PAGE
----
The researchers used a systematic approach to survey all literature published before February 2014 using seven electronic databases and a manual search. The inclusion criteria were: (1) primary focus on communication/interaction about HIV/acquired immunodeficiency syndrome (AIDS), (2) discusses the use of social media to facilitate communication, (3) communication on the social media platform is between individuals or a group of individuals rather than the use of preset, automated responses from a platform, (4) published before February 19, 2014, and (5) all study designs.
The search identified 35 original research studies. Thirty studies had low or unclear risk of at least one of the bias items in the methodological quality assessment. Among the eight social media platform types described, short message service text messaging was most commonly used. These platforms served multiple purposes, including disseminating health information, conducting health promotion, sharing experiences, providing social support, and promoting medication adherence.
Social media users were also diverse in geographic location and race/ethnicity, with the studies commonly reported users aged 18-40 years and users with lower income.
An interesting research finding: Although most studies did not specify whether use was anonymous, studies reported the importance of anonymity in social media use to communicate about HIV largely due to the stigma associated with HIV.”
WIDE-REACHING ANONYMITY IN FOCUS
According to Ron* (not his real name; for privacy), who is helping out in running Courage Pilipinas, and particularly basing on his personal experience, “a lot of HIV-positive Filipinos seem to be using Twitter,” he said. “This may be because “it’s easier to express yourself there without exposing yourself.”
Ron’s HIV-related advocacy also started in Twitter. After testing HIV-positive, his alter account became – largely – anti-government, particularly “after I saw the government’s failure to deal with PLHIV issues.” This led to him meeting other PLHIVs’ at first “just eight of us, which grew to 12, and then to 35. Eventually, (we became an informal group) of 150 members.”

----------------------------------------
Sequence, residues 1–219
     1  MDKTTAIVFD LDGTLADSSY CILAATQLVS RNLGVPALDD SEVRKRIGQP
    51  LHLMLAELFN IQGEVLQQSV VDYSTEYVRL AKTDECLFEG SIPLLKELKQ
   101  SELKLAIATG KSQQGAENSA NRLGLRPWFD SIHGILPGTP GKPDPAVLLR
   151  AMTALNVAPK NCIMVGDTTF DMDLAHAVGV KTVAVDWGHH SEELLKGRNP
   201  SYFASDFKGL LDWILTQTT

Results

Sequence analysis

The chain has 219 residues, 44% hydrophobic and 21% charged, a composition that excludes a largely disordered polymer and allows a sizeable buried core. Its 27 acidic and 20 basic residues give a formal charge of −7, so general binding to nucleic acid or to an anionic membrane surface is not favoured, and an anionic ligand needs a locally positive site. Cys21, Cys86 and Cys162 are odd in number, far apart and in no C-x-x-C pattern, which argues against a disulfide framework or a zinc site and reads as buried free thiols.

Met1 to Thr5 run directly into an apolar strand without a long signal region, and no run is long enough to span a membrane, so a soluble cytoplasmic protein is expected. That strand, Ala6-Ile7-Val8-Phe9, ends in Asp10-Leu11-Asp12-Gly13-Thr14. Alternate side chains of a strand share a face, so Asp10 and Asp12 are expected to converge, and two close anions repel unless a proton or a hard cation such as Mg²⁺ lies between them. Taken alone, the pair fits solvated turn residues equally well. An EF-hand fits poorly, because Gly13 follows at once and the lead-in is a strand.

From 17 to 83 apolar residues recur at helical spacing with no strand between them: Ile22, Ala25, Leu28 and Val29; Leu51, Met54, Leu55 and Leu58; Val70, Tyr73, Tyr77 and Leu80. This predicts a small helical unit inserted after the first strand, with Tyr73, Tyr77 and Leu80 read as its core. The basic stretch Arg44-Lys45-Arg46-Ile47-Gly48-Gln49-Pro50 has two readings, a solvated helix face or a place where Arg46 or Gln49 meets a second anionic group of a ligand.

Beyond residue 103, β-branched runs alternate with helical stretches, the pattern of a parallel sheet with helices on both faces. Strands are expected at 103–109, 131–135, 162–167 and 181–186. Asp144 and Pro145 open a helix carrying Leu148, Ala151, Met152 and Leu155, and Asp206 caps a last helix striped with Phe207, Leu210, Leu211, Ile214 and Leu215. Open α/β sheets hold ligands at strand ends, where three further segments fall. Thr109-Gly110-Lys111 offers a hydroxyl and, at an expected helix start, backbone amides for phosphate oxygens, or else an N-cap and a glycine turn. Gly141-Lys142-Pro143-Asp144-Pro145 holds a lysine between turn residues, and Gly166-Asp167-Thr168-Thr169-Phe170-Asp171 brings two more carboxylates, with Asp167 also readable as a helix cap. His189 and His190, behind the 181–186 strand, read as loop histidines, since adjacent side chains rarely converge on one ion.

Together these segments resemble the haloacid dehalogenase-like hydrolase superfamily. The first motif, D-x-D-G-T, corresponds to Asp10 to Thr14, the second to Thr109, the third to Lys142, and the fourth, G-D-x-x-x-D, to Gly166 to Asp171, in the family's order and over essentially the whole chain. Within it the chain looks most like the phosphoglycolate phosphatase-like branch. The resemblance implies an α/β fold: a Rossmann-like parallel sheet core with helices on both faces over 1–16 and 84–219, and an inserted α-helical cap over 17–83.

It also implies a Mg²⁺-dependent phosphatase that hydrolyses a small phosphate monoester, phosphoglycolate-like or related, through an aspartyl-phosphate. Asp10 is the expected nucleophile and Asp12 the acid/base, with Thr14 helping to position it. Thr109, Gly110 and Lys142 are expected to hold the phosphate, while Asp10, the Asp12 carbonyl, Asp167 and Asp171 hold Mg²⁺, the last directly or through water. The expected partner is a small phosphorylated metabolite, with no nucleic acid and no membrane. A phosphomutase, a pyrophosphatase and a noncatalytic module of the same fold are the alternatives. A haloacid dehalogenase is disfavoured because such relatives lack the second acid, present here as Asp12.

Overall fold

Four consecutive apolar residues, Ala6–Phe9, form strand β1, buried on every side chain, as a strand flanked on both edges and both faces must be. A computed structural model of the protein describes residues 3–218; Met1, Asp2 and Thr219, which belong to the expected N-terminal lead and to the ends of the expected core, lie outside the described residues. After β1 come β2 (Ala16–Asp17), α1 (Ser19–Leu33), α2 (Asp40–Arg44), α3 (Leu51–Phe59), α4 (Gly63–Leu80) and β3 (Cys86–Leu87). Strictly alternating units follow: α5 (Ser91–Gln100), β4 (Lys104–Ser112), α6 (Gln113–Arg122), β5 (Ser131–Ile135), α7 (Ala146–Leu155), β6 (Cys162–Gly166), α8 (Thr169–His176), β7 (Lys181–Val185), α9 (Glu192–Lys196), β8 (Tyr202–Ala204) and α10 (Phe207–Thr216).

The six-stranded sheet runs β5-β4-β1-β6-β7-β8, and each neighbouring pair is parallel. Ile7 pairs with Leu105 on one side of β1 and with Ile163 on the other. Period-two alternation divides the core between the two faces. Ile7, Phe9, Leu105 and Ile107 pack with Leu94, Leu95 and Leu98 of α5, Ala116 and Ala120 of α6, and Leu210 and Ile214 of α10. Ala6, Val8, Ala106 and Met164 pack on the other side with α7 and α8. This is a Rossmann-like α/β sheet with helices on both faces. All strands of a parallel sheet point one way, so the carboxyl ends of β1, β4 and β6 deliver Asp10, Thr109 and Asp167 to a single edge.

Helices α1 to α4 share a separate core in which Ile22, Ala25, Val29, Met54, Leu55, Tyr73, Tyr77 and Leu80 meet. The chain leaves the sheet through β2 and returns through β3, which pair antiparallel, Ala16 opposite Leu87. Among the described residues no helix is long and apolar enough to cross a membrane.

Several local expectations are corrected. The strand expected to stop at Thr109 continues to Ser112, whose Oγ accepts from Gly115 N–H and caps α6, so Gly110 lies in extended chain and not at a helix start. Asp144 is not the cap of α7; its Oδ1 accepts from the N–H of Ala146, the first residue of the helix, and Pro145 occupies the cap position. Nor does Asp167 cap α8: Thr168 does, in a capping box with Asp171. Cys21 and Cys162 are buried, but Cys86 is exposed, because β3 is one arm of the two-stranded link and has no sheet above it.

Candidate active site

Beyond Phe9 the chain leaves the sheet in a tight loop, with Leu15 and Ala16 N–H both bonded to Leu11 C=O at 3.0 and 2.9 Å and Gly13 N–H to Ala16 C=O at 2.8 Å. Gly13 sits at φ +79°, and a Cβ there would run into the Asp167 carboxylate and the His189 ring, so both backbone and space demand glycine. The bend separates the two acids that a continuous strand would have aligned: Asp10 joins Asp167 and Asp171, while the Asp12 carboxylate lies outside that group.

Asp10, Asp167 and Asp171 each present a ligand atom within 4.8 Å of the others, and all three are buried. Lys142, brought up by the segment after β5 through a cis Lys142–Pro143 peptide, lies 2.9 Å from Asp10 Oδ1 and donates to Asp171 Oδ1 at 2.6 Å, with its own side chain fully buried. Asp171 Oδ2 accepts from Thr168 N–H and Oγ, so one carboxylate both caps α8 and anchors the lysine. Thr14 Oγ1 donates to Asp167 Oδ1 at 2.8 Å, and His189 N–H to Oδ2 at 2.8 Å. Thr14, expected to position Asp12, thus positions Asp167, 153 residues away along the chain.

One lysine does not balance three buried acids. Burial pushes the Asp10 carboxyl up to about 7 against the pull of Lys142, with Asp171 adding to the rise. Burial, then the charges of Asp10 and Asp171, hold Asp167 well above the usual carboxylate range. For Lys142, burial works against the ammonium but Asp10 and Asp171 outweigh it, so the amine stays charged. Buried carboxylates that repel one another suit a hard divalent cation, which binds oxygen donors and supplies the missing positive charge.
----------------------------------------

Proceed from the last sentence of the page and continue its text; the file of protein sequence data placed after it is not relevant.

In his observation, it is in Twitter where a lot of PLHIVs get courage to reach out to others; “they find a voice there somehow,” Ron said. “It has become some sort of safe space.”
JUST A START
Both Rommel and Ron admit that tapping PLHIVs in Twitter (and other social networking sites) is just a start. “Napapanahon lang (It’s just timely, that’s all),” Ron said.
They recognize the numerous issues plaguing the HIV community in the Philippines – e.g. wrong priorities of the Department of Health (and the government, in general, when it comes to health); shortage of no supplies of antiretroviral medicines; profiteering of non-government organizations; et cetera.
“So we eventually want to (be relevant as a pro-active organization that’s not only available in the virtual world),” Rommel said.
All the same, particularly since PLHIV-led efforts particularly count in dealing with issues that PLHIVs themselves face, “every effort – no matter how small – counts,” Rommel said.
“More than just talk, we act,” Ron said. “And that’s always a good first step.”
To Join Courage Pilipinas or for more information, contact 0917 315 5863; or connect via Twitter account Courage.Pilipinas (@CouragePilipin1).
Balangaw: Gathering the LGBTQI people of Puerto Princesa, Palawan
Like other LGBTQI organizations, Balangaw shares the same vision and mission to spread equality and be united. But, this time around, “we want for those in Palawan to do it for themselves,” said Evo Joel Contrivida.
In June 2018, local LGBTQI people from Puerto Princesa in Palawan saw the need to “formally organize to be able to speak with one voice on many issues affecting us, including discrimination that LGBTQI people experience locally,” said Evo Joel Contrivida.
And so – with the help of the city government of Puerto Princesa, Pilipinas Shell Foundation and NGO Project H4 – the Balangaw LGBTQ+ Association of Puerto Princesa was established.
Balangaw is a Cuyonon word for rainbow, the universal sign of the LGBTQI community in the world.
From the get-go, Contrivida said, they knew it was going to be challenging. Surprisingly, the initial challenge came from the LGBTQI community itself – i.e. “It was, at first, difficult getting the approval/support of the members of the LGBTQI community,” he said, adding that “particularly the local lesbians, which are not as open as their gay counterparts, had to be convinced to join the group, and be part of this history-making in Palawan.”
Contrivida is now a member of the Board Of Directors of the association, overseeing its corporate affairs.
Other officers include: Geofred Gabo (Nay Favz), president; Rodelo Coneles, VP for internal affairs; Rica Belleza, VP for external affairs; Roland Joseph Palanca, secretary; Marlon San Juan, treasurer; and Jester Roque, auditor.
As of the last general asse